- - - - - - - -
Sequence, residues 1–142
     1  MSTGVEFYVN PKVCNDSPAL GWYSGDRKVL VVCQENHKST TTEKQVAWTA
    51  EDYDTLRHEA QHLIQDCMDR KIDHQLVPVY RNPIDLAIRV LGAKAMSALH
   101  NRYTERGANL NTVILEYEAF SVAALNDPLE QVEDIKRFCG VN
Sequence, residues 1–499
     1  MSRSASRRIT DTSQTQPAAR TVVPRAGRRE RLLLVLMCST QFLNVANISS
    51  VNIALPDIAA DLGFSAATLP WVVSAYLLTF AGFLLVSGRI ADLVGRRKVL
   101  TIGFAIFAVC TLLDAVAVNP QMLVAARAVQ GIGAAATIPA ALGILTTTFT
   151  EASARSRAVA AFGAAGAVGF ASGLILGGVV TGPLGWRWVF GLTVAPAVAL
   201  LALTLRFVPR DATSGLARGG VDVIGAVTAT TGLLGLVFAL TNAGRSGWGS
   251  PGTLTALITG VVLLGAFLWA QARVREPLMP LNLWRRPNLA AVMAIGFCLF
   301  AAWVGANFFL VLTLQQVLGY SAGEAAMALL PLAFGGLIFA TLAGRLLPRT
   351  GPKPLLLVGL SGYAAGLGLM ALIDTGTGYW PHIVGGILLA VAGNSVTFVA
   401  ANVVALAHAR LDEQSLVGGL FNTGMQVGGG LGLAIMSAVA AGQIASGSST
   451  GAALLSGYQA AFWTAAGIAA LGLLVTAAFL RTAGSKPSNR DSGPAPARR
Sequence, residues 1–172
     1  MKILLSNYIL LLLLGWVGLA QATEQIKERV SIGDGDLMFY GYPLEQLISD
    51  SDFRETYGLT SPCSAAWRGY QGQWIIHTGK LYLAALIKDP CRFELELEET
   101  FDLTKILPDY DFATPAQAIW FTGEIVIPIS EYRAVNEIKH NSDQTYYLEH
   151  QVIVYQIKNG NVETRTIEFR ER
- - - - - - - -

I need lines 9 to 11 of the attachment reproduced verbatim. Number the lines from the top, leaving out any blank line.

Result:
   151  EASARSRAVA AFGAAGAVGF ASGLILGGVV TGPLGWRWVF GLTVAPAVAL
   201  LALTLRFVPR DATSGLARGG VDVIGAVTAT TGLLGLVFAL TNAGRSGWGS
   251  PGTLTALITG VVLLGAFLWA QARVREPLMP LNLWRRPNLA AVMAIGFCLF